Science Fair Project Encyclopedia
Ruby characters are small, annotative characters placed above or to the side of an ideogram when writing ideographic languages. Typically called just ruby or rubi, such annotations are usually used as a pronunciation guide for relatively obscure characters.
The following example uses tables to render Japanese ruby characters above the kanji for Tokyo ("東京"):
Note: The font size has been increased to show details.
Here is an example of the Chinese ruby characters for Beijing ("北京"):
Uses of ruby
Ruby may be used for different reasons:
- because the character is rare and the pronunciation unknown to many — personal name characters often fall into this category;
- because the character has more than one pronunciation, and the context is insufficient to determine which to use;
- because the intended readers of the text are still learning the language and are not expected to know the pronunciation;
- to emphasize a pun or joke using an alternate reading for kanji characters — for example, comic books often employ ruby to emphasize puns (dajare, ).
Also, ruby may be used to show the meaning, rather than pronunciation, of a possibly-unfamiliar (usually foreign) or slang word. This is generally used with spoken dialogue and may apply only to Japanese.
Ruby is most often used in Japanese and Chinese publications. The most common form of ruby is called furigana or yomigana and is found in Japanese instructional books, newspapers, and books for children.
In Chinese, the practice of providing phonetic cues via ruby is rare, but does occur systematically in grade-school level text books or dictionaries. The Chinese have no special name for this practice, as it is not as widespread as in Japan. When it does occur, Chinese phonetic systems such as Zhuyin or Hanyu Pinyin are used.
Ruby is not restricted to printed material; it is used in handwriting, as well.
In Japanese, certain characters, such as the small tsu (っ) that indicates a pause before the consonant it precedes, are normally written at about half the size of normal characters. When written as ruby, however, such characters are usually the same size as other ruby characters.
Ruby was originally the name of a British 5.5-point typeface originally used for annotations in printed documents. In Japanese, rather than referring to the name of a typeface, the word came to refer to typeset furigana. When translated back into English, the word was rendered by some as "rubi", which is the standard romanization of the Japanese word ルビ. However, the spelling "ruby" has become more common since a W3C recommendation for ruby markup was published.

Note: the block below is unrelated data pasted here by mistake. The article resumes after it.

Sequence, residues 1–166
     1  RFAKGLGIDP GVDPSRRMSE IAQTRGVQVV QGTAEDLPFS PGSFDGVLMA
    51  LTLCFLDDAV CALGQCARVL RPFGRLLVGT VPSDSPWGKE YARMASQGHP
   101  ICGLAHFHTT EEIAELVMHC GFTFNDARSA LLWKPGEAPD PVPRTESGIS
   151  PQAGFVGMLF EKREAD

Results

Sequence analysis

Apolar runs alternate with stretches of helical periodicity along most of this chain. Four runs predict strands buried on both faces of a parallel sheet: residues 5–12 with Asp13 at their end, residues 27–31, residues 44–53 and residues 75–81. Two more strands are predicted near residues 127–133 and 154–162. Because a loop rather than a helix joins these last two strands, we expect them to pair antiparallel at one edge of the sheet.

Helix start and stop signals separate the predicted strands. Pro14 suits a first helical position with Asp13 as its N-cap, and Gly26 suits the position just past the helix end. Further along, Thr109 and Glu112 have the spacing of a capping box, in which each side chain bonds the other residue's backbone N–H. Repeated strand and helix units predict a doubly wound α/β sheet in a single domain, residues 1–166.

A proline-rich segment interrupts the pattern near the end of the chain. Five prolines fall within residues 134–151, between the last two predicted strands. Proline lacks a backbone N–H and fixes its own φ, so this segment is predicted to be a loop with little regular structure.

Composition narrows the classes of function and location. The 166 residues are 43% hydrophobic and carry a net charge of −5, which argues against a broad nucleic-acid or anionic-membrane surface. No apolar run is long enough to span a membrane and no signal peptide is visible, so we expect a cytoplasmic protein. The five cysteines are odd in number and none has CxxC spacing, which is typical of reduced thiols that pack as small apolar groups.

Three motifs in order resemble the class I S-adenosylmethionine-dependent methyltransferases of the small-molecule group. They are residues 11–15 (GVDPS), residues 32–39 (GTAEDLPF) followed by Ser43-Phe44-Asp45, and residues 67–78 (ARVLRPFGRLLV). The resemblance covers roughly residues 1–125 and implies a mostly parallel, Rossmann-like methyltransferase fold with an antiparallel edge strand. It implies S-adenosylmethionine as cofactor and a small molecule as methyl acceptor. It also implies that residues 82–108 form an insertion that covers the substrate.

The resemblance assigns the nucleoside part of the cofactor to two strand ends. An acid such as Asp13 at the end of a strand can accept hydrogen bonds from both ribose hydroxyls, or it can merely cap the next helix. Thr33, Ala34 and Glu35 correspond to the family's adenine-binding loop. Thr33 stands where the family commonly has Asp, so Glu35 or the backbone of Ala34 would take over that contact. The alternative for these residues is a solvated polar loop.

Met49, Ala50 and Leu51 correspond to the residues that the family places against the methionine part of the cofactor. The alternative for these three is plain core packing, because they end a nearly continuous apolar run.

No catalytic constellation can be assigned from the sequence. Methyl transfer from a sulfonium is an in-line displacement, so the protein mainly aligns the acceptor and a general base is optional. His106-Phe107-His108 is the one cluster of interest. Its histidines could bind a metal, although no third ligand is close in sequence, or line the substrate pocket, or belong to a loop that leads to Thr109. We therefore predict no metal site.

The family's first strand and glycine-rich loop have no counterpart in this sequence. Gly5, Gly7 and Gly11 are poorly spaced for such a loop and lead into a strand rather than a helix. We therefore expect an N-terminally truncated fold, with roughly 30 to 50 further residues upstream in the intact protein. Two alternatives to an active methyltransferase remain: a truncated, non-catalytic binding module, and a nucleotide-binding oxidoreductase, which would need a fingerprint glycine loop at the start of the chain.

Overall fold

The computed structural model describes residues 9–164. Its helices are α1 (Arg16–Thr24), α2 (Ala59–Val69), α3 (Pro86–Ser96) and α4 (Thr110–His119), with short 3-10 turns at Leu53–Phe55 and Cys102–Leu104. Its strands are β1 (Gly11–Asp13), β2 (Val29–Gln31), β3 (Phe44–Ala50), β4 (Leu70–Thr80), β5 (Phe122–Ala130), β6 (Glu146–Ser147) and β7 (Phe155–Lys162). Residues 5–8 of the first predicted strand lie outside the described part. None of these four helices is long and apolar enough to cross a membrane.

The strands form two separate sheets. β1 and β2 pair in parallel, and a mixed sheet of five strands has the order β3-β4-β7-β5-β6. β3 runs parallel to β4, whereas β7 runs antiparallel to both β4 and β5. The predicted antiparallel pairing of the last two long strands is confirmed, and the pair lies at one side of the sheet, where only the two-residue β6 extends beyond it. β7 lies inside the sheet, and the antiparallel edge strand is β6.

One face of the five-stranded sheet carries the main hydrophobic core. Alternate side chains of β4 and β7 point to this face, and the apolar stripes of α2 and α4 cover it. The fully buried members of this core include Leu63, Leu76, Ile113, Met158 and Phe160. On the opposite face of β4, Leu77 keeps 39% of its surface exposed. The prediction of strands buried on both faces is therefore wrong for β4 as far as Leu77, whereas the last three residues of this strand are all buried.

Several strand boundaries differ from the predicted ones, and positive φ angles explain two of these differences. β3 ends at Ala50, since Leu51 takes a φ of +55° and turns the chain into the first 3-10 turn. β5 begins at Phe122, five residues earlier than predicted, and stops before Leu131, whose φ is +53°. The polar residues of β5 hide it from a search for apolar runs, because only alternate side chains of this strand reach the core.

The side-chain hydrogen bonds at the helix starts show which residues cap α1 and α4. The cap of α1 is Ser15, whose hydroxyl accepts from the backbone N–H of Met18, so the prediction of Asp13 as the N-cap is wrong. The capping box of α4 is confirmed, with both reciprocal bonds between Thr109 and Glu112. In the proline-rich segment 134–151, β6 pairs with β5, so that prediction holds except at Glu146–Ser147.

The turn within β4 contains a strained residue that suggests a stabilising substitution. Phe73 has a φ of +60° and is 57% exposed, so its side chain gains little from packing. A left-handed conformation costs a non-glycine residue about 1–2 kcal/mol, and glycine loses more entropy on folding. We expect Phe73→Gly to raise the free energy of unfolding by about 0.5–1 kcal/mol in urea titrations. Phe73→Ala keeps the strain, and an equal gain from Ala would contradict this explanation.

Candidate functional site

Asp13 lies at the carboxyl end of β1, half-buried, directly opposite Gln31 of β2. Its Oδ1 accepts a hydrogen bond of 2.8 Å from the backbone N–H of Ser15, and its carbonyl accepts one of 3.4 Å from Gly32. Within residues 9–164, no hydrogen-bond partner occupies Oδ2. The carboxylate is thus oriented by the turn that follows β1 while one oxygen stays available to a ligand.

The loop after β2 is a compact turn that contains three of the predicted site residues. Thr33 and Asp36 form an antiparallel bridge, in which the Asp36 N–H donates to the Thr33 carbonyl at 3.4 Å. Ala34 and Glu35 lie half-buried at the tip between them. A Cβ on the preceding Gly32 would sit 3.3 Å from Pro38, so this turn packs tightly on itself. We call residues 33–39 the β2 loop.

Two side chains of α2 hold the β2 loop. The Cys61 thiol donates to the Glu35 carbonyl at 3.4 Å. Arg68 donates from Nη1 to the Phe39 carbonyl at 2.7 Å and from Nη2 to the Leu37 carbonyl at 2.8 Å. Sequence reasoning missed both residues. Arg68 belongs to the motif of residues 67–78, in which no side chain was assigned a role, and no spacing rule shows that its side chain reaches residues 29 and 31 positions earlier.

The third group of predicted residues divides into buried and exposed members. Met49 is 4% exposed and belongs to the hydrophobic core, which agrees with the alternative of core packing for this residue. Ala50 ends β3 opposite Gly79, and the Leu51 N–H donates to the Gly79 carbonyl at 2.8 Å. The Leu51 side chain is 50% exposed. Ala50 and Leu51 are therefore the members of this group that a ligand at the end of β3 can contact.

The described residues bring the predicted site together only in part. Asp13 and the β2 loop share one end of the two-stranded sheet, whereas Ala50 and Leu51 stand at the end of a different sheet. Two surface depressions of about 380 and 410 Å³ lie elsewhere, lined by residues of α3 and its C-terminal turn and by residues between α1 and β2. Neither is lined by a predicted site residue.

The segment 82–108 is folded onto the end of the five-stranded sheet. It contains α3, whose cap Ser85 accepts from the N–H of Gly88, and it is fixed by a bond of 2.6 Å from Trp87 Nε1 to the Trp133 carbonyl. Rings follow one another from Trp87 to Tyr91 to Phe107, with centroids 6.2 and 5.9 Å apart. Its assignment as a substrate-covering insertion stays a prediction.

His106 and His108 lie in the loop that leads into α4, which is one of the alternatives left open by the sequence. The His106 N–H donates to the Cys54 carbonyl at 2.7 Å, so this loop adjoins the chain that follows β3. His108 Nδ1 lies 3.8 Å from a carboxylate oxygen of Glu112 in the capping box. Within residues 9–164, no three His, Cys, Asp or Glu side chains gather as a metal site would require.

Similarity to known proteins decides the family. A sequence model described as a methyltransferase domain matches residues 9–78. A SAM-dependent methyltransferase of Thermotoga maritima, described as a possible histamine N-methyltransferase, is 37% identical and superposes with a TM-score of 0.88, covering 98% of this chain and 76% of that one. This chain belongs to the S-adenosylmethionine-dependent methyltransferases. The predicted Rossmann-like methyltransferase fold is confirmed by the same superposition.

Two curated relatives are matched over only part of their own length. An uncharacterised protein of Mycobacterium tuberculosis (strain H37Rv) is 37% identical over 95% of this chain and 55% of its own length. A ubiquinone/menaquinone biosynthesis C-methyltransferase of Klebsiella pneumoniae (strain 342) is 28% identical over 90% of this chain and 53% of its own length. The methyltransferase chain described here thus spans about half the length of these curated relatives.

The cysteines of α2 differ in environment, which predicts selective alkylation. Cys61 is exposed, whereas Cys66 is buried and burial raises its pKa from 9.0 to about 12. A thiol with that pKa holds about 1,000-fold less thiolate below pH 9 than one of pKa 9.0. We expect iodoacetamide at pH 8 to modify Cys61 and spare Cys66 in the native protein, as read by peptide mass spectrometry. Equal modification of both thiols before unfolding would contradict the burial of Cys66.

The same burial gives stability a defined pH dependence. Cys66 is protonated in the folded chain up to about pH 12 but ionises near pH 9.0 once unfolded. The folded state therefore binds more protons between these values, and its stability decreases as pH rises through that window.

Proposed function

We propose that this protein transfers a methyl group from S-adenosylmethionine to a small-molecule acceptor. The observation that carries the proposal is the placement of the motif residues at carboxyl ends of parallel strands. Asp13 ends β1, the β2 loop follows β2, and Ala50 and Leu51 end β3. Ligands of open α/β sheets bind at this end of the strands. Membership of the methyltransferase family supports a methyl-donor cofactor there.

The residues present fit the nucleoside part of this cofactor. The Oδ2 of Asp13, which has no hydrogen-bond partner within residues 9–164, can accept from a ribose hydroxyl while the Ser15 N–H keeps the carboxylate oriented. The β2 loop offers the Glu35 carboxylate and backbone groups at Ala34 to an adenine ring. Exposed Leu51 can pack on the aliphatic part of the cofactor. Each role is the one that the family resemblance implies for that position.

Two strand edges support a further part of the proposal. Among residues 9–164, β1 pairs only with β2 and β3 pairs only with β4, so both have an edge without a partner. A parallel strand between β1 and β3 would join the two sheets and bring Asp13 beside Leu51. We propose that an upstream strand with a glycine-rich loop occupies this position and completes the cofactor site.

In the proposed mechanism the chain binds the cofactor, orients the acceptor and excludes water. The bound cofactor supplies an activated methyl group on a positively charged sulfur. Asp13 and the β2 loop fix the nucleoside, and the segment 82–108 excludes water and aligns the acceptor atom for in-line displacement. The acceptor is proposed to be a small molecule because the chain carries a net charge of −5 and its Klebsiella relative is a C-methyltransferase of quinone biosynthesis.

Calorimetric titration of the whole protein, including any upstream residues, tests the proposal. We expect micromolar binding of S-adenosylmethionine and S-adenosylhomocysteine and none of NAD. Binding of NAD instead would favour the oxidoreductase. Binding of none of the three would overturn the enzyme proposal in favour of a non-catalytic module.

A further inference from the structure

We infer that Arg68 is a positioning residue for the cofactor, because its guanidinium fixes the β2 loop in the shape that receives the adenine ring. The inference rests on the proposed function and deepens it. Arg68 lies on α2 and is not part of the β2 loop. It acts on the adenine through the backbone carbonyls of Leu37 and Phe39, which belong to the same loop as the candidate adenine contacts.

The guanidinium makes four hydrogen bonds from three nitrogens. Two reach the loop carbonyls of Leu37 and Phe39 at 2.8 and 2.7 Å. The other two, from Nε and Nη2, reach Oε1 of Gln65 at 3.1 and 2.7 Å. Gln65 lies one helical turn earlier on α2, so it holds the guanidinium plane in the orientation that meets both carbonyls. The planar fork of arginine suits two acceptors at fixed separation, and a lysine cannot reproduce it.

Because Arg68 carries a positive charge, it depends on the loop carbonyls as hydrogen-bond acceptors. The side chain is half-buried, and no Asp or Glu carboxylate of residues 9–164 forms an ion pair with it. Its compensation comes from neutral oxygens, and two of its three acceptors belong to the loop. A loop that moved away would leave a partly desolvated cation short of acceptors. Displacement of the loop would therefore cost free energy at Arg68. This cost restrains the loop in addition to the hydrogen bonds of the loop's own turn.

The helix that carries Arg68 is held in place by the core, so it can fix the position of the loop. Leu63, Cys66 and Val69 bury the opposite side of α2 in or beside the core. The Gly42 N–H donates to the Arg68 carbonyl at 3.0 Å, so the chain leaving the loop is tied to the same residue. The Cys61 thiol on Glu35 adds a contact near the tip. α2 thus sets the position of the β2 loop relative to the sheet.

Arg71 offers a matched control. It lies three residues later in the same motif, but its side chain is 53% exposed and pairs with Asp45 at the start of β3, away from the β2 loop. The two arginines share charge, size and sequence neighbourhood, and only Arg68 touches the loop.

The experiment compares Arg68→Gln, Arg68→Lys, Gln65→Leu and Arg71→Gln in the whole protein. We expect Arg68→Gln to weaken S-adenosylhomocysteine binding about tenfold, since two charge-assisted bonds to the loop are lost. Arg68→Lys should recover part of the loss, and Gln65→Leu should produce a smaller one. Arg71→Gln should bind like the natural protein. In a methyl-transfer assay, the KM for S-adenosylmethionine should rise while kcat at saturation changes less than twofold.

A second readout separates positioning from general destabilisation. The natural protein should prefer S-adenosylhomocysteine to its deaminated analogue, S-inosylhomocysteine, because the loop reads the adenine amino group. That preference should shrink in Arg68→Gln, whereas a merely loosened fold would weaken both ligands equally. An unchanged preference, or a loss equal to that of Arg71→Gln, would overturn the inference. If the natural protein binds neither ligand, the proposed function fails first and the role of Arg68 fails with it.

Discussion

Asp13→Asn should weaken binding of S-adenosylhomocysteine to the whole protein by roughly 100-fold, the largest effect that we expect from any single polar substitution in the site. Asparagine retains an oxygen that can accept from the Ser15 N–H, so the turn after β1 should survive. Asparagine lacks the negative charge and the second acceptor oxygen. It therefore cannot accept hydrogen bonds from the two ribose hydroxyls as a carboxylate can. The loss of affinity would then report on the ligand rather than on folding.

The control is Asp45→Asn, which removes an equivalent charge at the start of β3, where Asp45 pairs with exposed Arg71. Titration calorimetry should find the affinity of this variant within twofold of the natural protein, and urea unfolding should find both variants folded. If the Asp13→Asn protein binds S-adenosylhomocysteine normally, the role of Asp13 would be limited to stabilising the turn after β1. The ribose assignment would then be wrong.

In 2001, the W3C published the Ruby Annotation specification for supplementing XHTML with ruby markup. Ruby markup is is not a standard part of HTML 4.01 or any of the XHTML 1.0 specifications (XHTML-1.0-Strict, XHTML-1.0-Transitional, and XHTML-1.0-Frameset), but was incorporated into the XHTML 1.1 specification.
Support for ruby markup in web browsers is limited, as XHTML 1.1 is not yet widely implemented. Ruby markup is partially supported by Microsoft Internet Explorer (5.0+) for Windows and Macintosh, but is not supported by Mozilla, Firefox, Safari/Konqueror or Opera.
Ruby markup support can be added to some browsers that support custom extensions. For example, an unofficial extension that allows Netscape 7, Mozilla, and Firefox to properly render ruby markup, under certain circumstances, is available.
Ruby markup is structured such that a fallback rendering, consisting of the ruby characters in parentheses immediately after the main text, will appear if the browser does not have support for ruby.
Ruby markup examples
The hiragana and bopomofo examples from above are repeated below, using ruby markup.
The markup is shown first, and the rendered markup is shown next. Your browser will either render it with the correct size and positioning as shown in the table-based examples above, or will use the fallback rendering with the ruby characters in parentheses:
Complex ruby markup is also possible, but it is not supported by Wikipedia.
- W3C: Ruby Annotation specification
- W3C: XHTML 1.1 Specification
- Web Specifications supported in Opera 7
- XHTML Ruby Support - An extension to add ruby markup support to Netscape 7, Mozilla, and Firefox
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